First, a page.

Watching Zion Grow

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The latest installment of Accretionary Wedge is a call to write about the “most memorable/significant geologic event that you’ve directly experienced”. This will be my first contribution to Accretionary Wedge, so if I’m doing it wrong, someone please let me know!

When I first heard the topic, I thought “well, I grew up in Southern California, so I’ve experienced lots of geologic events.” I’ve experienced more earthquakes than I can remember.

The 1994 Northridge quake knocked me out of bed.

I felt the 1987 Whittier Narrows quake while walking to school.

Then there was the one (unnamed, as far as I know) that occurred while I was in the shower, and my 14 year old self panicked at the thought of having to run outside naked.

I was in San Francisco a few weeks after the 1989 Loma Prieta quake, so while I didn’t feel it personally, I saw the aftermath up close.

I was at Mt St Helens a few months after the 1980 eruption. Again, not a direct experience of the event itself, but that experience is certainly something I’ll never forget.

(The real question here is why I didn’t become seriously interested in geology until a couple years ago!)



A Toe in Salt Lake, Part One

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I just realized that it has been a month since I posted a blog entry. I am so very negligent. I could give you a million reasons, like the fact that I’ve driven through 21 states (and into another country!) since the events of my last entry. Or that I’ve been sick and drunk on Nyquil (except when driving) for the last week. I could tell you that this particular post has been sitting on my computer in partially-finished draft form for several weeks. But I know that none of those sorry excuses can assuage your anguish over going a whole month without me waxing prosaic on topics I know next to nothing about. So I’ll give you part one of this post now, and I’ll finish it up soon and post the rest.

This time the title is accurate, because ewwwwww. But we’ll come back to that.

Just like there was ancient Lake Lahontan in Nevada, there was ancient Lake Bonneville in Utah. And driving through western Utah, you see evidence of it everywhere. At its maximum, it was a huge lake.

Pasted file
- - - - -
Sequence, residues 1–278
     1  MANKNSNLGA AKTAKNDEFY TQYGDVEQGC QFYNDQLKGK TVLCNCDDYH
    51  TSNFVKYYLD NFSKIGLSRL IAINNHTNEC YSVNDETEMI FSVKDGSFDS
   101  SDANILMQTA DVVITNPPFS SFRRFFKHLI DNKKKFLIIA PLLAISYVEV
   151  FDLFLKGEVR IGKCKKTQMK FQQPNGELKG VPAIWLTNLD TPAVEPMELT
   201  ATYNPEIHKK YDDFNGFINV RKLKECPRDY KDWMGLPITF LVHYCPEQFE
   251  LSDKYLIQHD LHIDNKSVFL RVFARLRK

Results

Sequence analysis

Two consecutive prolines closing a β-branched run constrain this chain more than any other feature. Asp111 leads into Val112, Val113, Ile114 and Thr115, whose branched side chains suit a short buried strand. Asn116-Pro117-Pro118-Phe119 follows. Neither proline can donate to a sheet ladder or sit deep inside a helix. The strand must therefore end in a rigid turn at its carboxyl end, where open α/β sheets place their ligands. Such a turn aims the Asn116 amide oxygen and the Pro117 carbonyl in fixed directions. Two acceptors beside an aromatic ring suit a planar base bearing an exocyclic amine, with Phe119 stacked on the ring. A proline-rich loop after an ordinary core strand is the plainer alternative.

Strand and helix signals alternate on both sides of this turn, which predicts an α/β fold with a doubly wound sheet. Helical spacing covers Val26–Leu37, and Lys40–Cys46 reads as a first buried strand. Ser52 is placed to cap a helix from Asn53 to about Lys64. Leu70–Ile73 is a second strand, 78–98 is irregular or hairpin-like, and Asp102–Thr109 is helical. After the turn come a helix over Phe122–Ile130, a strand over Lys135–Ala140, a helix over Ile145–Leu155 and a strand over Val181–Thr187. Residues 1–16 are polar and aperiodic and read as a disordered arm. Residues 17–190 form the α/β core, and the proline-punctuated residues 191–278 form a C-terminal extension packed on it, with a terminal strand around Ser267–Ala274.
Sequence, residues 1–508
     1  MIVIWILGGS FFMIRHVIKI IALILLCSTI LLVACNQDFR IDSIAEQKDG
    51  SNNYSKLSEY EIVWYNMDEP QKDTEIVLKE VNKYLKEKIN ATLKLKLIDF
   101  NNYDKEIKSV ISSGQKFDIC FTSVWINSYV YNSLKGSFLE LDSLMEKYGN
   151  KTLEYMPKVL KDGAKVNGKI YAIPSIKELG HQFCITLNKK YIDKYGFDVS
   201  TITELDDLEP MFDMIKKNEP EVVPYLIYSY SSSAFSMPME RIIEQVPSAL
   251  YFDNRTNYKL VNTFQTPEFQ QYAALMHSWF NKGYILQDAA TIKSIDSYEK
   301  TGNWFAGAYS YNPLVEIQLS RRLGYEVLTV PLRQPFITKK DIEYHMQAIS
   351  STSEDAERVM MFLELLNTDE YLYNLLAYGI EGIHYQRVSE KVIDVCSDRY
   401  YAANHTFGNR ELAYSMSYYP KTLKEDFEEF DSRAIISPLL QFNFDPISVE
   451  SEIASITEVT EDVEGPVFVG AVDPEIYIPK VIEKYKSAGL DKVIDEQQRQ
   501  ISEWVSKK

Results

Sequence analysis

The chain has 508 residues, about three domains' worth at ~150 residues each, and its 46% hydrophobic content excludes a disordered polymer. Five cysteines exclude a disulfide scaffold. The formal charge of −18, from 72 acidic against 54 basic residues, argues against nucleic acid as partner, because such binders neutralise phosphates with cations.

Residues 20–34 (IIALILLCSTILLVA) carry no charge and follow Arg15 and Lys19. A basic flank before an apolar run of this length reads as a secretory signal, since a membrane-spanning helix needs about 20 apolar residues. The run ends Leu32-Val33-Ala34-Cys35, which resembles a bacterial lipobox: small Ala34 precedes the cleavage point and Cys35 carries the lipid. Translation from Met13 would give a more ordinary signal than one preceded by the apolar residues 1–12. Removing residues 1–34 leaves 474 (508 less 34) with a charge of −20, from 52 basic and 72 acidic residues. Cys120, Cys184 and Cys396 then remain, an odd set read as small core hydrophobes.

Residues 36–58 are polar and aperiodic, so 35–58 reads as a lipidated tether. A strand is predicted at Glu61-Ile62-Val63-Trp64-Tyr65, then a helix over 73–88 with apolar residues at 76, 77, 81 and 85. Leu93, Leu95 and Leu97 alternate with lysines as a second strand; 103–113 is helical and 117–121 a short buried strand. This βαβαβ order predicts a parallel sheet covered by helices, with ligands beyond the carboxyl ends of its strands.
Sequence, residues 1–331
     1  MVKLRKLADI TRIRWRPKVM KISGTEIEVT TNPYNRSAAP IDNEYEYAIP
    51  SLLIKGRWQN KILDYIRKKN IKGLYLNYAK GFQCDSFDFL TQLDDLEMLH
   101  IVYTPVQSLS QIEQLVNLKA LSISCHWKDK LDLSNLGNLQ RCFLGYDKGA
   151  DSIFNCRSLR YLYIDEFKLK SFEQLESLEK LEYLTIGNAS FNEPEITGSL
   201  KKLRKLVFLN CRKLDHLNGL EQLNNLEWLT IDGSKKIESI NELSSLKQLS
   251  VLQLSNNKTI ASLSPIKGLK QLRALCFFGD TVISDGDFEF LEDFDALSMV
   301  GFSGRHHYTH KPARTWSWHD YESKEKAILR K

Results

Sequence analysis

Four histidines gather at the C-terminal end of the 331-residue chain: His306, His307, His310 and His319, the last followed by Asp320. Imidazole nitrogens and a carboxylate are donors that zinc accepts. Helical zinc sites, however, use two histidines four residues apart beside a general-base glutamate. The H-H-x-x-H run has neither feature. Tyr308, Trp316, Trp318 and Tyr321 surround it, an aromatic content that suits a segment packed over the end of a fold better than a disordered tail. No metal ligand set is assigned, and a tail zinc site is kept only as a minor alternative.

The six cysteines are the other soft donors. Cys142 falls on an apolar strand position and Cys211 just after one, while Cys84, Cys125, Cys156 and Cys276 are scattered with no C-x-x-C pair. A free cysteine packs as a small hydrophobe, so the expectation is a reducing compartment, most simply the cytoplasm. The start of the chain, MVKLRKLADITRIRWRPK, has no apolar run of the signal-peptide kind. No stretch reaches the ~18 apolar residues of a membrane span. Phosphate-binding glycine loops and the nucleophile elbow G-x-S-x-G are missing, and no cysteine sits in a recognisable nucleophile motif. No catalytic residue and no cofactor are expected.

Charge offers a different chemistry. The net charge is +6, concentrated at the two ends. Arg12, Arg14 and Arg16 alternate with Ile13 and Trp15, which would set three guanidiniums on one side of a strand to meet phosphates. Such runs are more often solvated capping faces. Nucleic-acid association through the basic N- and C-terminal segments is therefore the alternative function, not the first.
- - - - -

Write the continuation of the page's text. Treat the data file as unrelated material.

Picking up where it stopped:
Nevada, You Were Surprisingly Interesting

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After leaving Lake Tahoe, I headed east down the Sierras on US-50, intending to drive across Nevada in one afternoon. I ended up spending three days there.

The stretch of US-50 through Nevada is called “The Loneliest Road in America” because there are only 5 towns along the route and almost nothing in between. Actually, it wasn’t very lonely at all, because there were plenty of other cars traveling in both directions. However, there were a few times where I could no see no cars either ahead of me or behind me. And you can usually see quite far on this road.


The state tourism board (or whatever it’s called) has even come up with this little “passport” book that you can get stamped at all five towns and send in to get an “I Survived the Loneliest Road” certificate. I got my book stamped, so we’ll see when I get the certificate.

I saw more different kinds of “___ Crossing” signs during my transit across Nevada than I have ever seen: Bear (in Lake Tahoe), Deer, Horse, Cow, Antelope(?), Fire Truck, and Tractor.

One thing about this road is that if you’re at all unclear about what the term “Basin and Range” means, US-50 will straighten you right out.


A Toe in Lake Tahoe


So I spent a few days in Lake Tahoe. Well, I wasn’t in Lake Tahoe for a few days, more like a couple minutes. And I was in all the way to my ankles. But I was in the area for a few days. Was it ever gorgeous.

I dare you to click on that and not fall instantly in love.


I left my <3 in San Francisco, Part Three: Field Trips

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I took another field trip during my stay in the Bay Area: to Napa Valley. Unfortunately, I picked Labor Day weekend to do this, and everyone else in the Western Hemisphere was doing the same thing. Between the crowds and the fact that I was driving, I abstained from imbibing the local spirits.

But, like me, my day was not totally wasted, because I found a few geologically interesting places. The thing that most defines Napa Valley, besides the wine, is the volcanism. Back when there was subduction happening on the coast of California, there was a string of volcanoes along the continental margin, usually 50 to 200 miles from the subduction trench. This is always the case when you have subduction because that oceanic plate dives into the mantle, melts, and goes the only way it can go: up! This is still going on in the Cascades, as well as in Alaska, and Japan, and Chile…hey that’s pretty much the whole Ring of Fire thing, isn’t it?


I left my <3 in San Francisco, Part Two

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While I was in the Bay Area, I did some touristy things, like riding the cable cars.


I left my <3 in San Francisco, Part One

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I love San Francisco. I really do. I’m not really much of a big city kind of girl, but San Francisco is one of the few big cities where I would willingly live. Except that it’s really, really expensive. And hilly. Ask my calves.

Of course, what other picture could I use to lead off my memoir of San Francisco:


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